Taxis are safe and reliable, and can be booked through your hotel front desk. Taxis in cities travel within a 40km radius of the city. Always take a taxi at night.
Major airlines fly into Victoria Falls, Harare and Bulawayo. Charter flights are available to most attractions and camps.
Zimbabwe has a good road infrastructure, by African standards, although potholed. Between major towns, there are frequent road blocks. Traffic drives on the left side of the road.
If you are driving yourself around Zimbabwe, be sure to check on fuel availability in advance. If you are covering long distances within the country, ensure you carry extra fuel in 5 or 10lt metal containers in case of emergency. Fuel is generally available, but supply can fluctuate. Fuel is only available for cash.
Food, Drink and Cuisine Advice during 8-Days Okavango, Chobe and Victoria Falls Explorer
Zimbabwe’s native cuisine is based on sadza, a cooked porridge made from ground maize which is normally be accompanied by some tasty relish, perhaps made of meat and tomatoes, or dried fish. Safari camps will often prepare sadza if requested, and it is almost always available in small restaurants in the towns.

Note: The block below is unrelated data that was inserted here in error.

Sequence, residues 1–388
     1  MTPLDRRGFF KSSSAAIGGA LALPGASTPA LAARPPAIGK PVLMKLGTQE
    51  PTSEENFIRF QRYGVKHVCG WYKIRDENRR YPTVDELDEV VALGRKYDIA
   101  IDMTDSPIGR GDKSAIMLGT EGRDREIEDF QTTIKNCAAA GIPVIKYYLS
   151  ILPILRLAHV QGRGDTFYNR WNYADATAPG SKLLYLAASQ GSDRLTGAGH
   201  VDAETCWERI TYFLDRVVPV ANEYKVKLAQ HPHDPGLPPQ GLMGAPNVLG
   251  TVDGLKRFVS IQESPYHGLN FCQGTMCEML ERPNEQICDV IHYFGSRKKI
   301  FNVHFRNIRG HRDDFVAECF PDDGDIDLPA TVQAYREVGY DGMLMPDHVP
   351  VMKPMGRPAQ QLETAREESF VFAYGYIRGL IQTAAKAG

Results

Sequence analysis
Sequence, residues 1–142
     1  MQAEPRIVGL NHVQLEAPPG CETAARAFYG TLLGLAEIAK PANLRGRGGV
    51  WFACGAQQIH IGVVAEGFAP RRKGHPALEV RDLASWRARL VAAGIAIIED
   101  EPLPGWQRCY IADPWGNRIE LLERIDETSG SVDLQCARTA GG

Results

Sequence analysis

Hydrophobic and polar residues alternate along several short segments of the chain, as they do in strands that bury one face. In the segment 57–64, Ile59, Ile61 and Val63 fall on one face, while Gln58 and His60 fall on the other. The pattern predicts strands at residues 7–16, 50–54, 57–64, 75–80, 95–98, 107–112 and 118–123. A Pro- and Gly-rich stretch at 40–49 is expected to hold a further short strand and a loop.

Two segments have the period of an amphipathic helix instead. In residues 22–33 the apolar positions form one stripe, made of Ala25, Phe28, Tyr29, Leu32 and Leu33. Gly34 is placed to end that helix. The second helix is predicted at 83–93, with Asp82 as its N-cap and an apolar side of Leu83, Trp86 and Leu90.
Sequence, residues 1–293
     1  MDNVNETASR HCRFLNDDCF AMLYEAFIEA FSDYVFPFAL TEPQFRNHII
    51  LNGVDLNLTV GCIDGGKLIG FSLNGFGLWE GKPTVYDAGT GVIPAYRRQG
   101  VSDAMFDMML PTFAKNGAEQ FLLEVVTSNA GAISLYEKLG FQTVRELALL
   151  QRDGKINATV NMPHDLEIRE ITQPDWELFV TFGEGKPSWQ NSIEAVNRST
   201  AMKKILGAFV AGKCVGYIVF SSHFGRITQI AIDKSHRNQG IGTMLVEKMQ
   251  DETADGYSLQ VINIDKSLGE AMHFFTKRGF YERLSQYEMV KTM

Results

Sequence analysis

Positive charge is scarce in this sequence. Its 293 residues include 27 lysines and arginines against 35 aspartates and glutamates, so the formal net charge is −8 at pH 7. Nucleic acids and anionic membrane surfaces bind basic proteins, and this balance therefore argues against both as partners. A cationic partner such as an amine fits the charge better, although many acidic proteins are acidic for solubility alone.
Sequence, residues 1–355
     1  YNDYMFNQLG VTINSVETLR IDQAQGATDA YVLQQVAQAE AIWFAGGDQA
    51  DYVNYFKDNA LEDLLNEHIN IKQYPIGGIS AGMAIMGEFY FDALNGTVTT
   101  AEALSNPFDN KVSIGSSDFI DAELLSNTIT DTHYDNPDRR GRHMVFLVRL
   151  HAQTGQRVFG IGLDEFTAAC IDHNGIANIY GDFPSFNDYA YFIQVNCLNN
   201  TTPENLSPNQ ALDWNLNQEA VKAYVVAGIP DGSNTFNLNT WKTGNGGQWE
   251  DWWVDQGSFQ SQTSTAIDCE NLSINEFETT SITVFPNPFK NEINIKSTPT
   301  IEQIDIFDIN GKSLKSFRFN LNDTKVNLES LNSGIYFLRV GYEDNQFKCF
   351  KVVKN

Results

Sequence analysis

Camps, hotels and lodges that cater to overseas typically serve a variety international fare, and the quality of food prepared in the most remote bush camps is usually excellent.
If you are driving yourself around and plan to cook, then get most of your supplies in main towns. There are a number of South African shopping chains operating in Zimbabwe which will generally have all that you will need.
Water in the main towns is usually purified.. The locals drink it, and are used to the relatively innocuous bugs that it may harbour. If you are in the country for a long time, then it may be worth acclimatising yourself to it. However, if you are in Zimbabwe for just a short period of time, then try to drink only bottled, boiled, or treated water available in towns and from all camps, lodges and hotels.
Climate and Weather during 8-Days Okavango, Chobe and Victoria Falls Explorer
In Zimbabwe, the rains come principally in December, January,February and March; the further north you are, the earlier the precipitation arrives and the later it leaves. Zimbabwe’s higher eastern areas usually receive more rainfall than the lower-lying western ones.
By April and May most of the rain is gone, leaving a verdant setting, which is starting to dry out. Especially in more southerly and higher locations, the night-time temperatures start to drop.